Running the Race 5/28 '23
This is a Christian sermon about perseverance. Even if you don't subscribe to that faith, I hope that you will accept my encouragement to live and love to the best of your ability.
------------------- hic peribit, pax vobiscum ---------------------------
It is not surprising that the Bible should occasionally mention running. It’s something that people do, particularly under the influence of strong emotions like fear, or joy, or some other sense of urgency. When David fled from King Saul, he was running in desperate fear for his life. In the parable of the prodigal son, his father ran to him with overwhelming joy. On the morning of the Resurrection, the disciples were certainly fearful, and they may not have anticipated the great joy which would soon be theirs. But in the Gospel of John, Mary Magdalene finds the tomb to be empty, and runs to tell others. Then Simon Peter and the other disciple run to see for themselves. One detail of this narrative is rather unimportant to the story, but it’s very human. We’re told that the beloved disciple (who maybe had a bit of a competitive streak) outran Peter and waited for him at the tomb. This is mentioned three times, lest we forget who got there first. I imagine him waiting impatiently, thinking to himself “Did he name you Rock because of your speed?” Perhaps Peter thought that no one would know who reached the tomb first, but now everyone knows.
In the once ominous and now long-forgotten year of nineteen hundred and eighty-four, I was a runner. I joined the Bel Air High School junior varsity cross-country team. I no longer recall what convinced me to do this. Maybe someone thought I just looked like a runner – skinny kid, negligible wind resistance, “whoosh!” I did not go “whoosh.” I was always far behind the lead runners. There were only a handful of boys, though, on this team of slowpokes who didn’t qualify for varsity, and each team needed five finishers in order to have their results counted in the standings. So I stayed with it, for the sake of the team. My most memorable race was at Hereford, in Baltimore County. They had a very challenging hilly course, and I was hurting. My insides were so angry at what I was doing to them that I actually vomited in the middle of the race. When that was over, I left the unpleasantness behind me. I finished the race, finished the season, and that was the end of my cross-country career. So much for my heroic tale of perseverance, eh?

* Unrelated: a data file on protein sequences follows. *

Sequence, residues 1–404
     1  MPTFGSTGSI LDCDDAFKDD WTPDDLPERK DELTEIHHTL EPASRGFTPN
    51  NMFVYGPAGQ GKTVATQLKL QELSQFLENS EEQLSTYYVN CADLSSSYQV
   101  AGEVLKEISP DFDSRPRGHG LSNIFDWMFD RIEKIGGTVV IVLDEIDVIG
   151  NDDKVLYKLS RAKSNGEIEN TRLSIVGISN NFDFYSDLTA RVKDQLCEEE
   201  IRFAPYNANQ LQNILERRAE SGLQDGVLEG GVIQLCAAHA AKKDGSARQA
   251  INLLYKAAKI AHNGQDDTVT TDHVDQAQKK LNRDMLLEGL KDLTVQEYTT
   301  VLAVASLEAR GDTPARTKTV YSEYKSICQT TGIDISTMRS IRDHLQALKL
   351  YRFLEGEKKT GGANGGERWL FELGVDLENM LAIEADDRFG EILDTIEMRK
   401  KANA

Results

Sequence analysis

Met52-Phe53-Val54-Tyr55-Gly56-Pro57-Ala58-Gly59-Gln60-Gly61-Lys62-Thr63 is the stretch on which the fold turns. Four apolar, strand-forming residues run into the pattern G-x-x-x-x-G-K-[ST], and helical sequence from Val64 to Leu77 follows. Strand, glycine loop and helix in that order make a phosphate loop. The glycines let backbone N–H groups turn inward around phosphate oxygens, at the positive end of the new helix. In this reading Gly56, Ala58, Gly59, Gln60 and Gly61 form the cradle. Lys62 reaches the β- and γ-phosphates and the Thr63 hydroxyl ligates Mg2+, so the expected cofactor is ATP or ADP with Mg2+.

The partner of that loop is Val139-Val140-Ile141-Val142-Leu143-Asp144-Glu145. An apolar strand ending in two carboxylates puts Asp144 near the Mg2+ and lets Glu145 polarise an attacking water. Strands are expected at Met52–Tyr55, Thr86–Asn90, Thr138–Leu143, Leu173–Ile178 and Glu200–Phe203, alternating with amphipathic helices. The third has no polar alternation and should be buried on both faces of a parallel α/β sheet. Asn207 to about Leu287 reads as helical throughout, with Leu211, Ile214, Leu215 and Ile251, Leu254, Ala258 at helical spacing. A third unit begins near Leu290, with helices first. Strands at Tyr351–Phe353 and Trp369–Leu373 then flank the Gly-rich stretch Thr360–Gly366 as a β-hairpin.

I decided to concentrate on a different competitive endeavor, the debate team. That also sometimes made me feel like vomiting, though thankfully that never happened in the middle of a debate. I actually did pretty well, and even won sometimes. What I may not have realized at the time is that the purpose of debate, like the purpose of running, is not really about winning or losing. The point of these activities is to be active – physically active, mentally active. The goal of a debate is to find the best answers to really hard questions. A good debater never says “You ignorant fool, that’s a stupid argument!” One says, “I understand what you’re saying, but have you considered this? How do we weigh the good points of this side against the good points of that side?” Similarly, a good runner never tries to push down their opponent. A good runner just tries to run better. A good runner tries to push themself to run faster than they’ve ever run before.